So tell us about this event you're organizing with the East Side freedom library, there's other union activists are going to be involved. It's later this month, right?

Yes, it is. So on July 30, in collaboration with the East Side freedom library at 1 p.m,, there's going to be a number of us workers from different stores across the state, either on the organizing committee, just rank and file workers having a public conversation around what the background of organizing at Starbucks in Minnesota has looked like and how we're imagining its future as well.

And what do you hope to get out of this?

I really want to get on the same page as other stores and sort of assess how we want to creatively approach bargaining. So for those of us that have won our union elections, we can enter the bargaining phase with Starbucks. Starbucks has been pretty slow on the uptake but I think there's a lot of power that comes with the rights to bargain. I want to see how we're approaching some innovative negotiations and what our baseline is.

Do you think that there are opportunities in different industries, different businesses, than some of the ones that we we've heard about, such as Starbucks and one of the Apple stores for example?

I definitely think so. I know that across industries, things comes with their own challenge, like Amazon warehouse looks really different than a Starbucks café. I think there is a lot of momentum and a lot of creativity and energy. Chipotle just won their first union and Half Price Books actually started their unions and Minnesota's were the first to take off so I could definitely see that transferring across industries.

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Audio transcript

INTERVIEWER: Last week, employees at an Eden Prairie Starbucks store announced that they're pursuing unionization. And the week before, the Mall of America Starbucks workers voted to unionize, and all eight Minnesota Starbucks stores have pursued unionization this year. And you may have noticed nationally, 2022 saw a spike in workers organizing for more benefits, pay, and for a say at work.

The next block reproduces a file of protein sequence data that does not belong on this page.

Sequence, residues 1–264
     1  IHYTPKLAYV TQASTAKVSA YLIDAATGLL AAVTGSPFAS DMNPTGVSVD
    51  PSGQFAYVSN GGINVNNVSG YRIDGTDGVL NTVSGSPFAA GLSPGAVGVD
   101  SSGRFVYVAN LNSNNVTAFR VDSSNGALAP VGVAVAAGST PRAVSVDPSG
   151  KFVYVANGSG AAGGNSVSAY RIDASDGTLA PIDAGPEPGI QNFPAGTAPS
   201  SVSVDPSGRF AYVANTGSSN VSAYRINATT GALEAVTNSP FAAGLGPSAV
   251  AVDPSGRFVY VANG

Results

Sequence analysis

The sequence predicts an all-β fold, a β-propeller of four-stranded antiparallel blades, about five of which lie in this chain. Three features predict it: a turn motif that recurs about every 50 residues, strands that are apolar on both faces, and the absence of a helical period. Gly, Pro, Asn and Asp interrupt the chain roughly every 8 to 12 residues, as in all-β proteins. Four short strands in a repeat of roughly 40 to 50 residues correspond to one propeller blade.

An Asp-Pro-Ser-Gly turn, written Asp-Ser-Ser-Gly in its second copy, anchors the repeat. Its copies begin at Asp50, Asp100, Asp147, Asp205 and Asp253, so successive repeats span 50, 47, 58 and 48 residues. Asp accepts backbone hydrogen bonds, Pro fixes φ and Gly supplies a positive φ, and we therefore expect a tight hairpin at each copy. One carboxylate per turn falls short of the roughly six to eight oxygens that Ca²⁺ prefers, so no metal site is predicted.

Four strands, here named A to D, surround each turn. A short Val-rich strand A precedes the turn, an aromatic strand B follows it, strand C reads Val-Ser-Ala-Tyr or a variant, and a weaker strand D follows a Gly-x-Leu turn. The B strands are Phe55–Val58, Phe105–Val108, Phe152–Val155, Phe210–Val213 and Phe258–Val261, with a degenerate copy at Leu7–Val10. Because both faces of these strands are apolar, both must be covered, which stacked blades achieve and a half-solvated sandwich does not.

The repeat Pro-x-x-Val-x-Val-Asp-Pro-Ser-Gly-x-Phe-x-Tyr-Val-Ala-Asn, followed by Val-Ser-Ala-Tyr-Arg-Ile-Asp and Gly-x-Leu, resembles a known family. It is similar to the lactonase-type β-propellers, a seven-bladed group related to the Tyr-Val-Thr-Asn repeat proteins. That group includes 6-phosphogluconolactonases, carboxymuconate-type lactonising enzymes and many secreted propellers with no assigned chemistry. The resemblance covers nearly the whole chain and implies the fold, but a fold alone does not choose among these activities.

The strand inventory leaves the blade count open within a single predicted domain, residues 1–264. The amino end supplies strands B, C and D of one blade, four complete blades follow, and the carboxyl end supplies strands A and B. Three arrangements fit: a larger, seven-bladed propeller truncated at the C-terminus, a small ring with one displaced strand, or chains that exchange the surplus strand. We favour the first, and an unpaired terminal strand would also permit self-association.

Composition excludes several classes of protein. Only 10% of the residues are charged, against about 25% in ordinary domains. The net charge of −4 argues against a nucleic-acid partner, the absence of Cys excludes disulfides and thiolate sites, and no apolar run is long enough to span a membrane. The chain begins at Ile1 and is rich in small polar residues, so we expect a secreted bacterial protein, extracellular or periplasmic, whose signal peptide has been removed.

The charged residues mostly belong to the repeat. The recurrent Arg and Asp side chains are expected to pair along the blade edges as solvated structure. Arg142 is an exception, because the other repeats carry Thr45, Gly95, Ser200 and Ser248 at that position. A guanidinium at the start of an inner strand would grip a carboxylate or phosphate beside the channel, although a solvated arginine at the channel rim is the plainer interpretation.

Gracie Nira works at a Starbucks in Saint Paul, that recently unionized. They started working at Starbucks as an undergrad at Macalester College, they're now a shift leader and union organizer at their Starbucks store. So they join me now to talk about the next generation of union organizers. Gracie, welcome to Minnesota now.

GRACIE NIRA: Hi, thank you so much for having me.

INTERVIEWER: So to start off, just tell us, how did you get involved in unionizing?

GRACIE NIRA: So back in 2020/2021, I actually worked at a different Starbucks on Snelling and Marshall, and we did a number of issue-based safety COVID organizing informally. And when I transferred to the 300 Snelling location, back in July of last year, that culture really moved with those of us that went to the store. And we began talking about unionizing informally right at the outset. And it wasn't until seven employees were fired in Memphis that we actually started to have the conversation of what it would mean to show solidarity and organize our own union to stand with the movement.

INTERVIEWER: And so as this conversation has grown, how have you reinforced each other? Have you supported each other as union members thinking about this process?

GRACIE NIRA: I think a lot of that comes back to the importance of grassroots relations, something that was true during COVID. They closed down a lot of stores temporarily and then moved all of us into drive-through locations, those of us that were willing to work. And I think having that limited, I mean that was the only place that we were going during the lockdown.

It really reinforced this sense of team camaraderie and something that felt more deep, personal, and urgent, I think for those still at work. And that's translated to now, I think all of us following the news, the local climate, there's a different aspect of ourselves that we bring to the work that we do, and that really strengthens our personal relationships.

INTERVIEWER: You use the word camaraderie a couple of times, and I mean, you've answer, I can hear it in your voice but what's the difference being a worker without a union and being a worker with a union?

GRACIE NIRA: Legal protections. I think that some of that issue-based organizing we did back in 2021, Starbucks would have captive audience meetings and intimidation tactics that, at the time, I and fellow coworkers didn't really have a good framework for understanding. And in many ways, that drove us to support each other as workers more, and to actually seek out the protections that a union could give.

And so I think there's a strong sense of collective strength that comes with knowing that we can organize ourselves to win a union through a vote and a lot of momentum that is gained through that as well.